Monday, 30 November 2009

Traditional watch

Look, I know my work is littered with examples. Pot, black, kettle, etc. I'm a reformed man. But I haven't had chance to correct my past writings yet.

Traditional. A word as vague as it is handy. It covers any period more than 20 years in the past. Or earlier than you can remember. About as precise as that. Don't know any exact dates? Just use "traditional" instead.

Now I've realised that, every time I see the word it jumps off the page (or the screen). That gives me an idea, why don't I post the most flagrant and gratuitous uses of the word "traditional"? I could make it a regular feature of the blog.

Before you ask, this isn't an innovation. Private Eye have been doing something similar for years.

For no particular reason other than I just stumbled across them, here's a couple of outstanding examples of how to obscure history by the use of "traditionally" from Charlie Papazian:

"Contrary to popular belief the original Guinness draft stout is not strong ale; it’s no more than about 3.8% alcohol, even today. The bottled stout labeled “foreign export” traditionally reaches up to about 6% alcohol."

"Stout’s deep brown/black color suggests strength, yet traditionally this beer was brewed to lower strengths. Even today, draft stouts in Ireland are at about 3% alcohol."

Random. Totally random.


The Beer Nut said...


Bottles of Guinness Extra Stout bear the legend "Traditionally Brewed" meaning, presumably, that there's hot water involved somewhere.

Matt said...

It always makes me smile when the advertising department of a multinational brewer tries to convince us that Guinness Extra Chilled is the same beer that Arthur Guinness was producing in 1759 or that Stella Artois is what European peasants have been supping since the Middle Ages.

rod said...

"Stella Artois is what European peasants have been supping since the Middle Ages"

This a particular favourite of mine - Belgians in the early middle ages were drinking a pale, Pilsner-type, crystal clear, bottom-fermented beer which contained maize..... not that Belgium existed in those days of course.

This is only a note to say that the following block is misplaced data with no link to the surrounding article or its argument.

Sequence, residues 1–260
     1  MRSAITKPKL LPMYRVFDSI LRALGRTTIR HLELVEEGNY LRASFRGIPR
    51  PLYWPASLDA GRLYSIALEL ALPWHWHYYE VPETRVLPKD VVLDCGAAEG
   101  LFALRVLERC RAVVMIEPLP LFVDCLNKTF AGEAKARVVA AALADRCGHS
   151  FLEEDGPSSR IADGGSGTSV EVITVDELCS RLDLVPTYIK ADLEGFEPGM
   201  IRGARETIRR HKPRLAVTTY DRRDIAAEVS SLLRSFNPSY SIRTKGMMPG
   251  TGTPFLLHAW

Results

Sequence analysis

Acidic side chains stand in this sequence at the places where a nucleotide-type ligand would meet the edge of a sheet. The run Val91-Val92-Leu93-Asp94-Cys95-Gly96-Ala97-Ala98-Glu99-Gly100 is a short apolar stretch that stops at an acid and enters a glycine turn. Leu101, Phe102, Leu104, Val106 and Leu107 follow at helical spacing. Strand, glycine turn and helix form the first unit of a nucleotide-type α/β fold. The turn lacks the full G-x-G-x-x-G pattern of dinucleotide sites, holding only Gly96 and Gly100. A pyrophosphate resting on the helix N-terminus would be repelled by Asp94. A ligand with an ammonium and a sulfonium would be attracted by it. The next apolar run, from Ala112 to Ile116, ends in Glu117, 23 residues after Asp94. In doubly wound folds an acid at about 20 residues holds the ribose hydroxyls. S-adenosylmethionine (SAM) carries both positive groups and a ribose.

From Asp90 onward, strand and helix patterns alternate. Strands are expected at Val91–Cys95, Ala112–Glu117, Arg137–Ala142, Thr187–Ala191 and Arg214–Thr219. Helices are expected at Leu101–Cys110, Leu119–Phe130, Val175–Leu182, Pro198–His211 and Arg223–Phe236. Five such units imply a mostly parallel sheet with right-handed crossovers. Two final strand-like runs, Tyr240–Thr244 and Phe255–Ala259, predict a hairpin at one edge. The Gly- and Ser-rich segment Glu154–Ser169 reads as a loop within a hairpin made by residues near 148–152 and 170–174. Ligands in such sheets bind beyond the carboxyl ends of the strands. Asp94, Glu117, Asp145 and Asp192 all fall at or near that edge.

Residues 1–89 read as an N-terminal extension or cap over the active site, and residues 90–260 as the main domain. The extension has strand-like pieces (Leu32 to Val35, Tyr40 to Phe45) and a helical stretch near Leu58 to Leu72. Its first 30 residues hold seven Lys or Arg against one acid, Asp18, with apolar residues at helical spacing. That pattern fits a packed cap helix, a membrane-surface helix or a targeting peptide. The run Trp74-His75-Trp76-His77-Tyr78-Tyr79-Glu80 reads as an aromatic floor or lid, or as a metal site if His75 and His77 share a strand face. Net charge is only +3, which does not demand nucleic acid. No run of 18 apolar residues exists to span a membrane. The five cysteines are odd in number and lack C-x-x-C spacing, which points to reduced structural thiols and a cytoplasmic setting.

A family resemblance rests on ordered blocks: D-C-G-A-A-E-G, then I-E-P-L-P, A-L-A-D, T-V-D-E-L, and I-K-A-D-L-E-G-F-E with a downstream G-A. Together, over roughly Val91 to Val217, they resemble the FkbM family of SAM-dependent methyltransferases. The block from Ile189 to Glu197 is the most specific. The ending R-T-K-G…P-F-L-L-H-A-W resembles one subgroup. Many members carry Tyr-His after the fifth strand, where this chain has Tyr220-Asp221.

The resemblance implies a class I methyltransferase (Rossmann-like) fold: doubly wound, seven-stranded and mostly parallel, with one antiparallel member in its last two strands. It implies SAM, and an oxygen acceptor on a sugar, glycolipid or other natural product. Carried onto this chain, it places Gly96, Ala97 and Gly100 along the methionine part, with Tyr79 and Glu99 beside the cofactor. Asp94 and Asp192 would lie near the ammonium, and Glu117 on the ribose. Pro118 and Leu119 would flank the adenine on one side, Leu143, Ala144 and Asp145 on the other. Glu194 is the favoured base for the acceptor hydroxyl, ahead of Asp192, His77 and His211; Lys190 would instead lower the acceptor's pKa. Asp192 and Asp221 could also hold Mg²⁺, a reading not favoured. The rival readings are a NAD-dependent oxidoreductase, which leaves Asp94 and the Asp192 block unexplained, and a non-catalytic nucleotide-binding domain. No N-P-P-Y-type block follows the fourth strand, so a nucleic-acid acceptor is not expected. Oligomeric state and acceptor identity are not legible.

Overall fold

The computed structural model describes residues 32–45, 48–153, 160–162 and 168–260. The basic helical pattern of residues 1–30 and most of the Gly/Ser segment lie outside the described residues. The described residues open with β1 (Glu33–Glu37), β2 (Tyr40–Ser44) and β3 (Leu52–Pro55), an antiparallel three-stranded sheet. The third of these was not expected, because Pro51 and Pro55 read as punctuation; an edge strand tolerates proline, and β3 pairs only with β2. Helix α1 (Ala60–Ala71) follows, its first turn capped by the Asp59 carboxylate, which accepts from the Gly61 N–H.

Mike said...

I'd like to suggest a game: what if these people writing fiction about beer and beer history, were actually writing about something else. Imagine, for example, that Charlie Papazian had become Albert Einstein. What would the Theory of Relativity look like if written by a fiction beer writer?

Or how would Charlie Papazian write a political history of the 20th century? Winners get a full set of Ron's Mini series books (why should beer writers have all the fun? I want to write fiction too.)

Tim said...

Mike, you'll be glad to know that Charlie has a degree in Nuclear Engineering. I learned that from one of his books so it must be true.

Ron Pattinson said...

Tim, I'm relieved he decided to concentrate on beer instead of the nuclear industry.

Mike said...

Tim, if he's a nuclear engineer, why is he writing about a different subject than one he knows? And, if he writes fiction in the newspaper, why should we believe what he writes elsewhere?

Barm said...

There's a splendid bit of nonsense from Coors here: "Stones was established in the Cannon Street Brewery in Sheffield and is brewed today, using the same principles as it was in 1865." -- the same principles presumably being mashing, fermentation etc.

Anonymous said...

I see your kids use "random" the same way mine does, Ron.

Barm said...

Charlie has a new beer fiction site at On almost every page there's something which is just jaw-dropping nonsense. Like the assertion that the nonik glass was introduced "shortly after" the adoption of the imperial pint in 1824.